The next superpower war could last for a short time, and man could be relegated to a second-floor role. In fact, they could be robots, drones and various electronic systems, much faster and more efficient than humans.
We are not talking about a distant future: this is the “present.” Last May Google employees protested against the support that the company is offering to the Pentagon in the development of artificial intelligence drones, while a few weeks ago 400 scientists discussed banning research in the field of autonomous weapons. Who works with artificial intelligence every day and knows its potential, is (or professed) “scared” by the risks of the intelligent arms race. Andrea Kisrch explains this in an article recently published in Quartz.
Electronic soldiers. Compared to the real-life soldiers, smart weapons offer many advantages: they never disobey, they are never tired, they can carry out their lethal assignment in impossible conditions for a human being, they have no ethical doubts and they do not need training Last but not least, they cannot perish in combat, leaving a void in their own lines and, incidentally, widows and orphans to attend.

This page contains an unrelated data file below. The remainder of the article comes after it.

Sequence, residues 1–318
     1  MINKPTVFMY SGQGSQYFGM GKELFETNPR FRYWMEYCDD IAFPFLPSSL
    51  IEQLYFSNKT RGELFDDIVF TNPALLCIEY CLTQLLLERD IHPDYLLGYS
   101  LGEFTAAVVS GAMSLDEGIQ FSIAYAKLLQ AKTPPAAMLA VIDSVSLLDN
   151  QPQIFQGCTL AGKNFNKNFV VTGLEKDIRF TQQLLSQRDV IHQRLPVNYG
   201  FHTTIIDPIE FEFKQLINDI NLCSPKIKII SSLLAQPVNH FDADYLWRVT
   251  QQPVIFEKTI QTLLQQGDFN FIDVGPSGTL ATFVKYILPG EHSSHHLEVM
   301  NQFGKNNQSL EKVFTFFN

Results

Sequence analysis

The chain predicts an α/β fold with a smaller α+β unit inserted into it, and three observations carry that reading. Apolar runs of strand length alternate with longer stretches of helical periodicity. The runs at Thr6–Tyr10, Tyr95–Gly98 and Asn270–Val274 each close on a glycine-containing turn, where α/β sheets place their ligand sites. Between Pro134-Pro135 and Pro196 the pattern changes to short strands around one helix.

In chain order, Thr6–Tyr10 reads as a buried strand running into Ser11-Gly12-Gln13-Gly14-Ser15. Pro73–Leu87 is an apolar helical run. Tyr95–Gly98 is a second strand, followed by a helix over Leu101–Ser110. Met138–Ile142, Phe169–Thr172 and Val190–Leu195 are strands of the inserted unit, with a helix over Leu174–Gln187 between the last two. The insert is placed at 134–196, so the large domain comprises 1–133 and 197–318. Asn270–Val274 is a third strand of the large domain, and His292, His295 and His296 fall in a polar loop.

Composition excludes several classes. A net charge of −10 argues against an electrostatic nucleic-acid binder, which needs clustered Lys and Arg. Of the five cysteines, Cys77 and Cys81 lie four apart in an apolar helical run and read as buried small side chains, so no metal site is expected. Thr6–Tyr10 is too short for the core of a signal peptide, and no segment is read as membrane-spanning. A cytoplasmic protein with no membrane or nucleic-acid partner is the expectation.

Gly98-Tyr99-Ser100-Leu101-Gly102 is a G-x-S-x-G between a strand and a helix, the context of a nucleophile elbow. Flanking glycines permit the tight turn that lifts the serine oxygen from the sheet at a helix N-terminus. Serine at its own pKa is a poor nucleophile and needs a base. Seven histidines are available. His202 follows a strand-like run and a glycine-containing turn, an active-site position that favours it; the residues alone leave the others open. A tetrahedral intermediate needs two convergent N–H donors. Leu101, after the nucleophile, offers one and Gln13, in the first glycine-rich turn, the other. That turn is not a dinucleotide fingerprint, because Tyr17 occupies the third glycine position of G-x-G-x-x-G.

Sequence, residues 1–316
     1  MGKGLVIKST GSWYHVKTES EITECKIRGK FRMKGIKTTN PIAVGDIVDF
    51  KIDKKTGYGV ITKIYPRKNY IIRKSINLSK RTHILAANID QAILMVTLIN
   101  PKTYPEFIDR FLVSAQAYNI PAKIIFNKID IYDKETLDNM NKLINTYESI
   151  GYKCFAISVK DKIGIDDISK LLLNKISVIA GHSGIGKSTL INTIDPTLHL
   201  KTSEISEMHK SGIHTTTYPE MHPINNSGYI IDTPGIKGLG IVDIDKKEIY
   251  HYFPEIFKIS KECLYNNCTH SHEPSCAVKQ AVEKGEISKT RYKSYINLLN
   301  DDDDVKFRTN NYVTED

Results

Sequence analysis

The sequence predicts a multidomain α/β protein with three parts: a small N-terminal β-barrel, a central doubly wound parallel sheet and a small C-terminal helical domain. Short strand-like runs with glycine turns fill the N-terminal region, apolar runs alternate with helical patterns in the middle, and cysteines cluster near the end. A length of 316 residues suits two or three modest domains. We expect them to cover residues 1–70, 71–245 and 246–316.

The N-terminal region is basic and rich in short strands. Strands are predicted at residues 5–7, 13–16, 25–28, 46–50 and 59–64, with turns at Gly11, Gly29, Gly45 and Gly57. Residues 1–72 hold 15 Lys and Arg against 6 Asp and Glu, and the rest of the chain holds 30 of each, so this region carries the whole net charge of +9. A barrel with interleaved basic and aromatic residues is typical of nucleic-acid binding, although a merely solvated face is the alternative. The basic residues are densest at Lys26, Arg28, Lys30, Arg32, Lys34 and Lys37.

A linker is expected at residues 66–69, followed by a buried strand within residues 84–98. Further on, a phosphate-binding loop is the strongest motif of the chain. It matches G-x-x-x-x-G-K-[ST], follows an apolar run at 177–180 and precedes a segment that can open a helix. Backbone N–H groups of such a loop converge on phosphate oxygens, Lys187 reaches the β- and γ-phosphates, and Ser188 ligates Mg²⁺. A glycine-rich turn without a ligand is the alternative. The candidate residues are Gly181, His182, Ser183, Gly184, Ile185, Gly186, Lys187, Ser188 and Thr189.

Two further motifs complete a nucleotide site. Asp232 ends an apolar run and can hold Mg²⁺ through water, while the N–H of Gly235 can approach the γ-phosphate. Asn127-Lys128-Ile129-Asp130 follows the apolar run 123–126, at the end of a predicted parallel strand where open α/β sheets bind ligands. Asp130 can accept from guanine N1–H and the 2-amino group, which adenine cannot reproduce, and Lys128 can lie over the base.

Another important aspect is communication: to put a machine into battle seems more “acceptable” for public opinion.
I’ll do it in the basement. How to stop this threat in the bud? History teaches that non-proliferation treaties are of little use. But if building a finished atomic bomb requires equipment and equipment that is difficult to hide from the international community, it takes little to build an intelligent weapon.
For example, conventional tanks and aircraft are already equipped with sensors, cameras and radars that allow remote control. It is enough to equip them with the appropriate AI systems, for example derived from those used in cars without drivers, to turn them into unstoppable autonomous weapons.